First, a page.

Management Effects on Low-Herb Diversity in Outlying Grasslands
MetadataShow full item record
- Institutt for biologi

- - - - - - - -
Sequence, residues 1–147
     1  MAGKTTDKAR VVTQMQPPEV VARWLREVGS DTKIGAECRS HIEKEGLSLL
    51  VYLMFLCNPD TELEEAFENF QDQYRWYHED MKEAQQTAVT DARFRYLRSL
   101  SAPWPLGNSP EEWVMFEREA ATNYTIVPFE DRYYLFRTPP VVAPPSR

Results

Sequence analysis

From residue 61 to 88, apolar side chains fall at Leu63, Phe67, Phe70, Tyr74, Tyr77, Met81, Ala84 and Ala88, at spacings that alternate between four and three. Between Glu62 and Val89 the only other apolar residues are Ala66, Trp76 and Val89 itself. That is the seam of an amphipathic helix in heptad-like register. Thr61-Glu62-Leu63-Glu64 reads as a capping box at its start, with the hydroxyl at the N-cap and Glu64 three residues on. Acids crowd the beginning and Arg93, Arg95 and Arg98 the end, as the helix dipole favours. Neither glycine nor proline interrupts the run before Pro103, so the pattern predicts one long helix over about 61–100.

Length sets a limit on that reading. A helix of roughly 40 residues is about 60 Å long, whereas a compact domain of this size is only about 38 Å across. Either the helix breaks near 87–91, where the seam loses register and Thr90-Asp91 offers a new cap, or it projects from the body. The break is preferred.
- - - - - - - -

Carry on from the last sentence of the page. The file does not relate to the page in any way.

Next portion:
During the past century there have been vast changes in land use, which have led to succession processes in outlying lands. As a consequence, species-rich semi-natural grasslands are disappearing and many of their associated species have become threatened with extinction. For targeted and successful conservation of these species, it is important to identify the ecological factors determining their distribution and abundance. The aim of this study was to reveal effects of different management types on the distribution and abundance of rare low-herb species, while controlling for vegetation type, moisture and pH. A case study was performed at Brekken, an upland outlying landscape in Norway. Seven study species were chosen; three Botrychium species (B. lunaria, B. boreale, B. lanceolatum), three gentian species (Gentiana nivalis, Gentianella campestris, Gentianella amarella) and one orchid (Nigritella nigra). Species observations were obtained by distance transect sampling. Within transects, present vegetation was recorded as intervals of distinct types, and moisture and pH was measured and used in characterization of vegetation types. Using generalized linear models and generalized linear mixed models, density and probability of occurrence was modeled in response to management (mowing, grazing and abandonment) and vegetation types. For all species in total, both the density and the probability of occurrence is higher in grazed areas than in mown and abandoned areas, and their habitat ranges are wider in the grazed area. From models fit per species, the gentian species show higher density or probability of occurrence in mown areas. Most of the studied species were shown to be at highest density and/or have highest probability of occurrence in low-grown grassland vegetation. Such grasslands are products of land use, and therefore management effects are in some species analyses assumed to be masked within significant effects of vegetation types. In restoration and conservation, type of management should be determined specifically for each site, based on local land use history and the overall conservation aim.